Our Suffield Academy Project Base Learning class has been researching 1774 relating to slavery and freedom in Connecticut, and more specifically Suffield. In my last blog post I mentioned my research on two of Suffield’s founding families; the King family and the Austin family. I was interested in their families’ relation to slavery and their opinions on freedom. I discovered they were minutemen and fought for freedom, but I wanted to know more. Through my research I came across Dr. Alexander King’s diaries. This primary source is very important, as Dr. King was the town’s doctor. Thus he was often traveling around and very aware of what was going on. His detailed diary entries discuss the town’s emotions and opinions surrounding the events in the colonies. The topic of conflict arises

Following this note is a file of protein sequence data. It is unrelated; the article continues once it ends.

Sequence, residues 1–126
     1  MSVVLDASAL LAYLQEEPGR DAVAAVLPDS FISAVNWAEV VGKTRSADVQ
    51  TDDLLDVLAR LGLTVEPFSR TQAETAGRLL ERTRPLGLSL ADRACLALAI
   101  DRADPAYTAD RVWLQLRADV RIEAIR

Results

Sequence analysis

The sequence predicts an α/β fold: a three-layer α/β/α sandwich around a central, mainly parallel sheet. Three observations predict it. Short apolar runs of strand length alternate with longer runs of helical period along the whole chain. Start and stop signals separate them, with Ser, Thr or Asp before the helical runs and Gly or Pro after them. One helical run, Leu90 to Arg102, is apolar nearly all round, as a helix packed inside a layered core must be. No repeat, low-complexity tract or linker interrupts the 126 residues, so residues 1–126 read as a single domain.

in 1773 after the Boston Tea Party. King describes on May 12th, 1774, that four ships arrived in Boston and locked down the port on behalf of Parliament to stop all traffic except for provisions and fuel, until Boston payed for the tea they dumped over. The Colonies were greatly alarmed by this, and the Ct General Assembly met to discuss resolutions related to American Liberty. King was a part of the General Assembly and provides information on their meetings and their discussions on freedom. The General Assembly met again on October 3rd, 1774 to pass an act prohibiting the importation of slaves. This is very important to our topic of slavery and freedom as it provides an insight to the colonies views on slavery and how they were going about fighting it in 1774. King also describes the people in America growing extremely angry and ready to take up arms to fight for liberty. “The mobish temper was so high that it is dangerous for a moderate man to manifest his opinion” (Page 9 1774). This provides insight into the Colonies coming together to prepare to fight and their strong will to stay free and independent. To continue my research, I hope to look into the General Assembly further and their stance on freedom, while hopefully finding more primary sources.